My laboratory studies the biology of brain tumors with the goal of developing novel therapeutics for the treatment of malignant brain tumors and translating that research into clinical trials. Currently we are studying a variety of different protein pathways that we hypothesize to be important players in glioblastoma formation and growth.
In addition we are studying novel fluorescent probes to improve surgical resection of tumor and to predict antibody delivery across the blood brain barrier.
Zhou Q, van den Berg NS, Kang W, Pei J, Nishio N, van Keulen S, Engelen MA, Lee YJ, Hom M, Vega Leonel JCM, Hart Z, Vogel H, Cayrol R, Martin BA, Roesner M, Shields G, Lui N, Hayden Gephart M, Raymundo RC, Yi G, Granucci M, Grant GA, Li G, Rosenthal EL. J Nucl Med. 2022 Nov;63(11):1693-1700. doi: 10.2967/jnumed.121.263674.
The clinical imaging performance of a fluorescent antibody in three different cancers was compared to understand the physical and biological factors affecting the translation of biomarker expression into macroscopic tumor contrast.
EGFR-targeted intraoperative fluorescence imaging detects high-grade glioma with panitumumab-IRDye800 in a phase 1 clinical trial
Zhou Q, van den Berg NS, Rosenthal EL, Iv M, Zhang M, Leonel JC, Walters S, Nishio N, Granucci M, Raymundo R, Yi G, Vogel H, Cayrol R, Lee Y, Lu G, Hom M, Kang W, Hayden Gephart M, Recht L, Nagpal S, Thomas R, Patel C, Grant GA, Li G. EGFR-targeted intraoperative fluorescence imaging detects high-grade glioma with panitumumab-IRDye800 in a phase 1 clinical trial. Theranostics 11 (15), 7130-1743 (2021). PMID: 34158840. DOI: 10.7150/thno.60582
Near-infrared (NIR) labeled EGFR antibody, panitumumab-IRDye800, is systemically infused in high-grade glioma patients and specifically binds to tumor cells across the blood-brain barrier to improve intraoperative visualization during MRI-guided resection.
Brain Tumor Lab Tour
We wanted to give patients and advocates a first-hand look at how we study brain tumors, so we invited them to tour our lab. Our lab scientists guided our guests through interactive stations, showing how research to better understand how brain tumors work, and how to stop them, is conducted.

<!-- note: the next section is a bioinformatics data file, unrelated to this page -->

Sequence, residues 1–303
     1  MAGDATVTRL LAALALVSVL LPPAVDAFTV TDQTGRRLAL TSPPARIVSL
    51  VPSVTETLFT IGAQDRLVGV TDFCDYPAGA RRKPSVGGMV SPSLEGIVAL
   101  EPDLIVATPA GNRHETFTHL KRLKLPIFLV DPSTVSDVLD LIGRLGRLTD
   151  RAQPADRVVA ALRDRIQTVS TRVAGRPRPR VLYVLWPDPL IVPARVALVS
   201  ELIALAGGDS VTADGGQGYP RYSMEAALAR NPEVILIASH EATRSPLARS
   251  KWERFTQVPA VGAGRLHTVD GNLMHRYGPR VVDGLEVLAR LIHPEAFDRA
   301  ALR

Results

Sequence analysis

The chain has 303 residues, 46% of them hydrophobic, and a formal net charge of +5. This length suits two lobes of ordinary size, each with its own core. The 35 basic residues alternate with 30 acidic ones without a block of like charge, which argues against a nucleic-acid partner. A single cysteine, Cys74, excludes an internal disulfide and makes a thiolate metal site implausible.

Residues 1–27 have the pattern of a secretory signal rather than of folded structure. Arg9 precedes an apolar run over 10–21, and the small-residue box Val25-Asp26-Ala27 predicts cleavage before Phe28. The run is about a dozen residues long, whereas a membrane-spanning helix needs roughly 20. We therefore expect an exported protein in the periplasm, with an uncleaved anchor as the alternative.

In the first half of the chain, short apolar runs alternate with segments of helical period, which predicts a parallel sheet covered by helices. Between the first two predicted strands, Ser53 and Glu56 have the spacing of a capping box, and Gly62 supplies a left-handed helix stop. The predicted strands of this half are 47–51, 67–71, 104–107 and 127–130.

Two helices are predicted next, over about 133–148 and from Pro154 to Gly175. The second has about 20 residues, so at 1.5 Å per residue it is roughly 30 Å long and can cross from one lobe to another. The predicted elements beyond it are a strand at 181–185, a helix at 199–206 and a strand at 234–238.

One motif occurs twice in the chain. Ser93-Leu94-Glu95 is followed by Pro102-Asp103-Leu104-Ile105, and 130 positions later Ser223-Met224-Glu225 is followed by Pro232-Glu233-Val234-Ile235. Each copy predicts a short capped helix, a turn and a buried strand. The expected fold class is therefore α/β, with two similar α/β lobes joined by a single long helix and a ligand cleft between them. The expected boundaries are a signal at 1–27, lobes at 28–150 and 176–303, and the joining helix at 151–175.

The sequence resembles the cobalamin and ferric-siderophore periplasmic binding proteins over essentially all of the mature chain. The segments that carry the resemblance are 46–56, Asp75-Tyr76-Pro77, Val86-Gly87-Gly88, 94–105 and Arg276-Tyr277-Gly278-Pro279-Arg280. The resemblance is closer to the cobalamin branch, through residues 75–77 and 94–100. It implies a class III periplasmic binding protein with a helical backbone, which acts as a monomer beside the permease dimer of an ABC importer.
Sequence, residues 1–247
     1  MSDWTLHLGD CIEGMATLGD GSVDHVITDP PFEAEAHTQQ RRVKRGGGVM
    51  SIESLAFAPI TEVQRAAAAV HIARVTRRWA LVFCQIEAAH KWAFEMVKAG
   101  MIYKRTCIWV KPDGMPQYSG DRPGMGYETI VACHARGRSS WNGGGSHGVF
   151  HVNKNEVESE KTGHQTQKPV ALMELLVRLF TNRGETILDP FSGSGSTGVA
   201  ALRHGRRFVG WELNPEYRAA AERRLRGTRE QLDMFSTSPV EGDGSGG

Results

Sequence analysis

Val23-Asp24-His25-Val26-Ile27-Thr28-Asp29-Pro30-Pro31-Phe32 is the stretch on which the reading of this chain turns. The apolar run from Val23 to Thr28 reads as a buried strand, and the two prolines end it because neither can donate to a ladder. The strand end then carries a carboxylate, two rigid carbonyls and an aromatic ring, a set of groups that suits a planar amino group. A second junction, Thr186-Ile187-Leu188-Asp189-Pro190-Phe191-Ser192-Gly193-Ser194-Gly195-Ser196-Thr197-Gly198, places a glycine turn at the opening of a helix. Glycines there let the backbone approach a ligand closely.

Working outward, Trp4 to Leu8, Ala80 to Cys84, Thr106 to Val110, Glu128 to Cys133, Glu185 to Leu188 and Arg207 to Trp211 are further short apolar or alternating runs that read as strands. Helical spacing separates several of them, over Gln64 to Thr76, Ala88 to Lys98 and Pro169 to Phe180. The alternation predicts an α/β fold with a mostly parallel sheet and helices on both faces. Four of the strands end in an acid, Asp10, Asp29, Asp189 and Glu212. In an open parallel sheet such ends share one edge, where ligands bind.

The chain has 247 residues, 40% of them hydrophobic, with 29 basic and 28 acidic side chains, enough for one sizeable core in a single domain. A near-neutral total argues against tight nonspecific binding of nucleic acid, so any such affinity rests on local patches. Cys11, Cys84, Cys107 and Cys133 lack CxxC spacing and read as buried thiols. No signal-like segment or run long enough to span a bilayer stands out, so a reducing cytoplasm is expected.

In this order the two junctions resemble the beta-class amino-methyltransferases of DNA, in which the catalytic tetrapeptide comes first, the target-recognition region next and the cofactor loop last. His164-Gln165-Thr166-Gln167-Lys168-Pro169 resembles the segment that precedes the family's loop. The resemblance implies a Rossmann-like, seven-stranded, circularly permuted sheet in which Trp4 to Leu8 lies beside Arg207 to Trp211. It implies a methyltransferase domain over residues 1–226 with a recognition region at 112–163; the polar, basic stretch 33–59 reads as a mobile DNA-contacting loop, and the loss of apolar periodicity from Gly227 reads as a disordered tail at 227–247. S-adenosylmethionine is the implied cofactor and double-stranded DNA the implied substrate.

(9/9/2023) Dr. Quan Zhou Recognized with Prestigious WMIS Awards
Dr. Quan Zhou, an Instructor in Dr. Li's Lab, has been honored with the WIMIN Rising Star Award and the WIMIN Scholars Award by the World Molecular Imaging Society (WMIS).
The WIMIN Rising Star Award commends remarkable contributions from early-career women scientists in molecular imaging, considering their contributions, innovative impact, and advancement of women in the scientific community. Concurrently, the WIMIN Scholars Award celebrates commendable scientific presentations at WMIC Annual Meetings. This recognition underscores Dr. Zhou’s significant impact and burgeoning future in molecular imaging research.
(5/31/2023) Quan received the MCHRI Pilot Grant
Quan Zhou (Instructor in Neurosurgery and Molecular Imaging Program at Stanford) has received the Pilot Grant from The Stanford Maternal and Child Health Research Institute (MCHRI). Her proposal "Advancing Treatment Strategies for Pediatric High-Grade Glioma: Theranostic Imaging and Targeted Therapy" aims to improve the accuracy and effectiveness of surgical procedures through fluorescence-guided surgery and deliver molecular targeted therapeutics to childhood brain cancer patients.
MCHRI Pilot Grants fund innovative maternal and child health-focused clinical and translational research. All projects must be significantly related to the health of expectant mothers and children. The awardee can be any practitioner or scientist who has a focus on maternal or child health research.
Congratulations, Dr. Zhou!
(5/26/2023) Quan was awarded the Alavi-Mandell Award from SNMMI
Quan Zhou (Instructor in Neurosurgery and Molecular Imaging Program at Stanford) has been awarded the Alavi-Mandell Award from the Society of Nuclear Medicine and Molecular Imaging (SNMMI) for her Journal of Nuclear Medicine (JNM) paper, Factors for Differential Outcome Across Cancers in Clinical Molecule-Targeted Fluorescence Imaging.
The Alavi-Mandell award was established by the Alavi and Mandell families to honor their fathers, who valued education immensely. Unfortunately, they did not have an opportunity to reach their potential to become physician scientists. The award is given to individuals who were the first author of a paper published in the JNM, were trainees at the time the published work was carried out, and made a major contribution to the completion of the work. The award is accompanied by a monetary reward, which is provided by the established fund. Their aim is to encourage young physicians and scientists to pursue a career in academic and research in nuclear medicine.